The Olivine Mine Provides Peridot in Hebei, China
Most gemstones are formed in earth's crust, but Peridot is formed much deeper in the mantle region. Peridot crystals form in magma from the upper mantle and are brought to the surface by tectonic or volcanic activity where they are found in extrusive igneous rocks. Historically the volcanic island Zabargad (St. John) in the Red Sea was the location of the most important deposit. It was exploited for 3500 years before it was abandoned for many centuries; later, it was rediscovered around 1900 and has been heavily exploited ever since.
Today, the most important deposits are found in Pakistan (in the Kashmir region and the Pakistan-Afghanistan border region). Beautiful material is also found in upper Myanmar (Burma) and Vietnam. Other deposits are found in Australia (Queensland), Brazil (Minas Gerais), China, Kenya, Mexico, Norway (north of Bergen), South Africa, Sri Lanka, Tanzania and the United States (Arizona and Hawaii).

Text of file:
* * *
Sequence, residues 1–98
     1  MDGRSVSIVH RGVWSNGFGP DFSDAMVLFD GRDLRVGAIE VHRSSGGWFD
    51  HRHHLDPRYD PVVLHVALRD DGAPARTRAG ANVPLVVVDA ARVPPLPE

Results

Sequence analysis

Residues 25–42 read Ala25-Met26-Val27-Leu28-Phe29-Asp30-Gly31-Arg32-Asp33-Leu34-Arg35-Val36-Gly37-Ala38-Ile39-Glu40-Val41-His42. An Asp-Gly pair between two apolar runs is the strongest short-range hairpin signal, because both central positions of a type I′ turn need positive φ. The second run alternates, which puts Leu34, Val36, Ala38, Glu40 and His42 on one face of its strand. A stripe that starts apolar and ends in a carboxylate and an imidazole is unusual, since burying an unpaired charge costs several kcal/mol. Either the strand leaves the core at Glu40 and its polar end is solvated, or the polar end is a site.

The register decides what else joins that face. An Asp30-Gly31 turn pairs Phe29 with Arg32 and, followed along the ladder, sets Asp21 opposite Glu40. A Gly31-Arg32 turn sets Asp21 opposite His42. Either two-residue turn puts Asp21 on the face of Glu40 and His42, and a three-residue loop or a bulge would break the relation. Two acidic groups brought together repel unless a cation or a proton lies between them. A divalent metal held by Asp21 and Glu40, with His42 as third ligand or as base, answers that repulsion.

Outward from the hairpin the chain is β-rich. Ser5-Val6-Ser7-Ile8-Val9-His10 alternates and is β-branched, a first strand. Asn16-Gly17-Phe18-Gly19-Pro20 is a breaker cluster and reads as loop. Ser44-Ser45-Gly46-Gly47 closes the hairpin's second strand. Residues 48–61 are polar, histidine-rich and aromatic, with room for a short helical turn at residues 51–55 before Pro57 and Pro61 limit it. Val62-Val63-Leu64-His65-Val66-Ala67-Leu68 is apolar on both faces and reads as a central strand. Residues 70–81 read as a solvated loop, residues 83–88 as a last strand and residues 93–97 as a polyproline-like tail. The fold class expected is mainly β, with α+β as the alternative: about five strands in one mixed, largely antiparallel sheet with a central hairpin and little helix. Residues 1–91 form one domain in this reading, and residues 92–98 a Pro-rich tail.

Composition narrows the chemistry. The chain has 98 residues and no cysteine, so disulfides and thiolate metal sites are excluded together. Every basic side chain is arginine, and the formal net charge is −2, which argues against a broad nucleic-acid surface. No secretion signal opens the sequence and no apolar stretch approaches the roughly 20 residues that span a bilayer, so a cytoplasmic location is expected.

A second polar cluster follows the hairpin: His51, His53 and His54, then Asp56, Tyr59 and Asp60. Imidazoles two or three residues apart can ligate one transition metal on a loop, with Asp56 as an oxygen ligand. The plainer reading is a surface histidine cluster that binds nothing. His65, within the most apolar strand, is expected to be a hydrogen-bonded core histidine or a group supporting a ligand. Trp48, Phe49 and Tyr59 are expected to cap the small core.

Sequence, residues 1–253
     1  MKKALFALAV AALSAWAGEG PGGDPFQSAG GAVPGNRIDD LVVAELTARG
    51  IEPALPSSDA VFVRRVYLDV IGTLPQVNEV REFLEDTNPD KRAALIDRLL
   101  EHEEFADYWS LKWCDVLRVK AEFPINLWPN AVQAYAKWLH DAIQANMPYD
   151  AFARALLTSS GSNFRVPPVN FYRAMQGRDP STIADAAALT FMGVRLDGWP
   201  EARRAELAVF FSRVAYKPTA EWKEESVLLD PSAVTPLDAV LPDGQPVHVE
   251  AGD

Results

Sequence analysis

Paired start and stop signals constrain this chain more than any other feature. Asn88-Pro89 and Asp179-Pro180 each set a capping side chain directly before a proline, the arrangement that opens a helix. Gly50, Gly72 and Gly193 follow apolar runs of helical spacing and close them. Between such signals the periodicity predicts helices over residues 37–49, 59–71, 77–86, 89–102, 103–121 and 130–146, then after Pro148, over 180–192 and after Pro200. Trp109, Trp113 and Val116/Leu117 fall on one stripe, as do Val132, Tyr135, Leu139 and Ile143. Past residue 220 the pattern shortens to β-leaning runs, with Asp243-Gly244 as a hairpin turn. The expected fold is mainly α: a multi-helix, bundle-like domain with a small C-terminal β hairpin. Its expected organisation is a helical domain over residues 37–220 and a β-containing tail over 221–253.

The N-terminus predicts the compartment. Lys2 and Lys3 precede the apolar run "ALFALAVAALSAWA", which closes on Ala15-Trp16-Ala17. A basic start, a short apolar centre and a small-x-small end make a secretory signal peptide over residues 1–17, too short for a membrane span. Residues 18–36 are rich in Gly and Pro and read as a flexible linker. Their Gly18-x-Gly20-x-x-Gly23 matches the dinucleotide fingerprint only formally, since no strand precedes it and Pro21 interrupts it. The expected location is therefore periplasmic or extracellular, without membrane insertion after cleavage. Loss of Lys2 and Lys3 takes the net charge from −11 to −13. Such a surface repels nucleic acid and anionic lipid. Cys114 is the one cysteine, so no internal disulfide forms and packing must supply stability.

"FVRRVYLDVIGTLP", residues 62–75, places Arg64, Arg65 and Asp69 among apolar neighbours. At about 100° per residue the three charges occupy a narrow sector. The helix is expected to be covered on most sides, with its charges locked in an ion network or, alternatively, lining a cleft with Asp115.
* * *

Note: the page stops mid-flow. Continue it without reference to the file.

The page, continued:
Peridot is one of the few gemstones that comes in a single color. The depth of green depends on its level of iron content. Peridot's color can vary from yellow-green and olive to brownish green and looks best under natural daylight. Its vivid green color does not change under artificial light. The best colored peridot has an iron percentage of less than 15% and typically includes some trace elements of nickel and chromium, which contribute to its color. A deep and intense green colored Peridot is considered the most desirable and the most valuable.